Lucky numbers

In football, a number is more than just a number

This article is taken from the October 2023 issue of The Critic. To get the full magazine why not subscribe? Right now we’re offering five issues for just £10.

Football transfers are about numbers. There are the EuroMillions-level headline fees and the eye-watering weekly salaries, both reflecting the insanely overheated yet entirely logical market of the one true global sport’s ruthless meritocracy. 

Call me weird, but the first figure I look for in a transfer is neither of the above

Call me weird, but the first figure I look for in a transfer is neither of the above. It’s the incoming player’s shirt number, for in that can be seen history, mythology, psychology, expectations and so much more: all vital parts of the mosaic which make the game endlessly fascinating. Former Fulham and US player Clint Dempsey said “the man makes the number: the number doesn’t make the man”, but often the relationship is more symbiotic and nuanced than that.

Before the Premiership introduced squad numbers for the 1993-4 season, players lined up for any given match as 1-11, which in a traditional 4-4-2 system saw the goalkeeper wearing 1, full-backs 2 and 3, centre-backs 5 and 6, wide midfielders 7 and 11, central midfielders 4 and 8, and strikers 9 and 10. 

Some of that still applies. It feels wrong to see defenders wearing attacking numbers, as João Cancelo (7), Khalid Boulahrouz (9) and William Gallas (10) did for Manchester City, Chelsea and Arsenal respectively. And if you know nothing about a team, look first for the 9 and 10: the former as designated target man, the latter having morphed over the years into the side’s most creative player. 

This was why James Maddison waited until mere hours before the start of this season to secure the Tottenham number 10 just vacated by Harry Kane: why, too, Kane himself was only ever going to be 9 at Bayern Munich, following in the footsteps of Gerd Müller and Robert Lewandowski, the two highest scorers in Bundesliga history.

At some clubs, a number is more than just a number. When Mason Mount moved from Chelsea to Manchester United this summer, the United manager Erik ten Hag not only offered him the 7 shirt but positively encouraged him to take it, to live up to its history, to add his own legacy to those of Cristiano Ronaldo, David Beckham, Eric Cantona, Bryan Robson and George Best. And at Newcastle, Callum Wilson knows that his 9 shirt invites inevitable comparisons with Alan Shearer, Andy Cole, Malcolm Macdonald and Jackie Milburn. “If I can emulate half of what they’ve done, I’d like to attempt that.”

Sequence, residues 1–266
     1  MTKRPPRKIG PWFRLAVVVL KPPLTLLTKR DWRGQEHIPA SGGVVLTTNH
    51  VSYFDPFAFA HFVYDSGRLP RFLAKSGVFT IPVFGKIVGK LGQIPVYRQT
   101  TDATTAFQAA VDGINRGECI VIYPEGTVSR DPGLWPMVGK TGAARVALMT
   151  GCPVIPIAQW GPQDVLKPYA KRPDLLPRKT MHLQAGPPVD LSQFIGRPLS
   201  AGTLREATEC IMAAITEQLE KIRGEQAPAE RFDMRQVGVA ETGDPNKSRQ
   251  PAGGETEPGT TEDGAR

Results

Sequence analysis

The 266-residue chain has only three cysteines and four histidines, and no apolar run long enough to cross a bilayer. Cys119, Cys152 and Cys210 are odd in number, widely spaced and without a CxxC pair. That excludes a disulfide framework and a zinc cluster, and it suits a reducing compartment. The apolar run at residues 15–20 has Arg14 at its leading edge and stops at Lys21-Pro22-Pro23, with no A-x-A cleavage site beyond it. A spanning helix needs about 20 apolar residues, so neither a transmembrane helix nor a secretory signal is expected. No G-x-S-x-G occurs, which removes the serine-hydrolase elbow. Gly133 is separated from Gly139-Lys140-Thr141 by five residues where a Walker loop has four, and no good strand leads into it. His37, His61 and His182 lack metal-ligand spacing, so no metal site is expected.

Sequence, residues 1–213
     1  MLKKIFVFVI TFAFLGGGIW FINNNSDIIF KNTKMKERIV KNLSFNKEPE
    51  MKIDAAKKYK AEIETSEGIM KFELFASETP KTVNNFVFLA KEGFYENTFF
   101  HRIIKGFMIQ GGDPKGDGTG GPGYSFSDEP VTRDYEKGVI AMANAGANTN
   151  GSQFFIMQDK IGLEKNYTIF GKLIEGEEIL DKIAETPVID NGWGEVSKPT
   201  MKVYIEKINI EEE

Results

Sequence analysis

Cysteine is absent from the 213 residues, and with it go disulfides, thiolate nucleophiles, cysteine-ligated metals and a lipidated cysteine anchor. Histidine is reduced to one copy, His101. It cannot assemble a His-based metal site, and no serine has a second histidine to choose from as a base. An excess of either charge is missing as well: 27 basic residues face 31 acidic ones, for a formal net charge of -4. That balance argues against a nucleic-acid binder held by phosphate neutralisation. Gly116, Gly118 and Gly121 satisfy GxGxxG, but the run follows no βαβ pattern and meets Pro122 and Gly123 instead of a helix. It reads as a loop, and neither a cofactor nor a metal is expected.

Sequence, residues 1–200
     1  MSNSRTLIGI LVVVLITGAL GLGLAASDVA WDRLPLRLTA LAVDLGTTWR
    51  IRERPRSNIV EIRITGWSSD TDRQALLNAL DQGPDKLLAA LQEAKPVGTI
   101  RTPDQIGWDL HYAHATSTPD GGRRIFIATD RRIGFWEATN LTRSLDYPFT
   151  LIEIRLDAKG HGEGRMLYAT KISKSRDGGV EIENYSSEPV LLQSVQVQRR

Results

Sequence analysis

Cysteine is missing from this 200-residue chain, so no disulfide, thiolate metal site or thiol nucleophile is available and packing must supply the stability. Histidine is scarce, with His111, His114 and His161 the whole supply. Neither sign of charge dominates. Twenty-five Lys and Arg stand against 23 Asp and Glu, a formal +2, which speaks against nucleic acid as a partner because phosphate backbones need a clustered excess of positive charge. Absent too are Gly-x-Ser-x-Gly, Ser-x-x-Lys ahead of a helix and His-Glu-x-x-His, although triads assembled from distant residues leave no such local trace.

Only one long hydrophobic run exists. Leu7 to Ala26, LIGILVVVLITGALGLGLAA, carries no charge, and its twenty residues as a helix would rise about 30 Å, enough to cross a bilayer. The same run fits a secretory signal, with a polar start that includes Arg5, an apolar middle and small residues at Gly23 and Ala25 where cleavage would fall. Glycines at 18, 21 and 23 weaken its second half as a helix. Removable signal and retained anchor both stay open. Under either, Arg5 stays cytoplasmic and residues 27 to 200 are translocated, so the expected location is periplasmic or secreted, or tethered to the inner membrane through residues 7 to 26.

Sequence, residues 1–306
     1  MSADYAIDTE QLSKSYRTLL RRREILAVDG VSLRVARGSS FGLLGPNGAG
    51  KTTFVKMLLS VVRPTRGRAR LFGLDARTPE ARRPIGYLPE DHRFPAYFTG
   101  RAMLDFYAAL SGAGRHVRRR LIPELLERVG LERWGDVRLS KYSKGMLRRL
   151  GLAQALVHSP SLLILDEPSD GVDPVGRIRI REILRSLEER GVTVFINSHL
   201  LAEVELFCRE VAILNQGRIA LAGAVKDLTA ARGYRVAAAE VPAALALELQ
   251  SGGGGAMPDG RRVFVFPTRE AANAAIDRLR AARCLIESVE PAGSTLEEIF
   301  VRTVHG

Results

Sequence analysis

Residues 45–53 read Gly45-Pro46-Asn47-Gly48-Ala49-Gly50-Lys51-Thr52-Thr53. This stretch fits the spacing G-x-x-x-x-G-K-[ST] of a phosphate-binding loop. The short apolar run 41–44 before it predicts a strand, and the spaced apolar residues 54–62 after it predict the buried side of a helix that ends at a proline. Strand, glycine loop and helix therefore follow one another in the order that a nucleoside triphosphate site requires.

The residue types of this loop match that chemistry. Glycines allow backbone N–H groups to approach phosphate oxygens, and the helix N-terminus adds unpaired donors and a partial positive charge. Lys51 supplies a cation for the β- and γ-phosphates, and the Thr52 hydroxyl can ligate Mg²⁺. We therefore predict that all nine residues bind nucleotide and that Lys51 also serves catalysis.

it works the other way too, of course. Only two Premiership clubs began this season without a 9 in their squads: Wolves, who had just sold Raúl Jiménez to Fulham, and Chelsea, for whom the number has long been nothing but trouble. 

In recent years Pierre-Emerick Aubameyang, Romelu Lukaku, Álvaro Morata and Fernando Torres — all big-name players — have worn it without success: you have to go back 20 years to Jimmy Floyd Hasselbaink, the last man to do the shirt justice. “I understand players being superstitious,” says Mark Stein, one of Hasselbaink’s predecessors, “but if I was still playing I would want that No 9 shirt. It’s part of the tradition and the history of the club, and it should be an honour and a privilege to wear it.”

Although the iconography of 1-11 dies hard — in the close season Arsenal’s William Saliba moved from 12 to 2, and Liverpool’s Luis Díaz and Darwin Núñez from 23 to 7 and 27 to 9 respectively — there are also plenty of players who embrace higher numbers. 

Thierry Henry will always be linked with 14 at Arsenal (a number he was given rather than one chosen as a tribute to Johan Cruyff, though the comparison didn’t hurt). Roy Keane took the 16 shirt when joining Manchester United, and never let it go. “I think it might have kept me on my toes, being outside the 1-11.” (His successor in the shirt, Michael Carrick, was more phlegmatic. “[Sir Alex Ferguson] said, ‘What squad number do you want?’ I said, ‘I’m not fussed, to be honest.’ He said, ‘What about No 16?’ So I said, ‘Yeah, no problem.’ And literally, that was the conversation. I really didn’t give a monkey’s.”)

Jude Bellingham has donned 22 for Birmingham City, Borussia Dortmund and England because a coach told him he could be three midfielders in one: holding (4), box-to-box (8) and attacking (10). Total: 22. That number was already taken at Real Madrid, so he chose 5 instead, as once worn by Zinedine Zidane: both sweet homage to a boyhood hero and steely-eyed statement of intent, to prove himself worthy of the mantle.

declan rice and Trent Alexander-Arnold have more than 200 Premiership appearances apiece, but they still wear 41 and 66 respectively because those were the numbers they were originally assigned as youth players: an attachment to their roots, a reminder of where they started and how far they’ve come. 

But perhaps the most resonant story behind a top-flight number belongs to Manchester City’s Phil Foden. He wears 47 because that was the age at which Ronnie, his beloved grandfather and huge City fan, died. Behind every player, no matter how celebrated and successful, are those who helped, supported, loved and believed in him on the long way up. When offered the 10 shirt after Sergio Agüero left the Etihad, the Stockport Iniesta was having none of it. “[It’s] such a big number in the club, but I just have a thing with 47. I’d like to create my own legacy and keep that number.” 

With 15 major trophies at the age of only 23, he’s well on the way to doing just that. 

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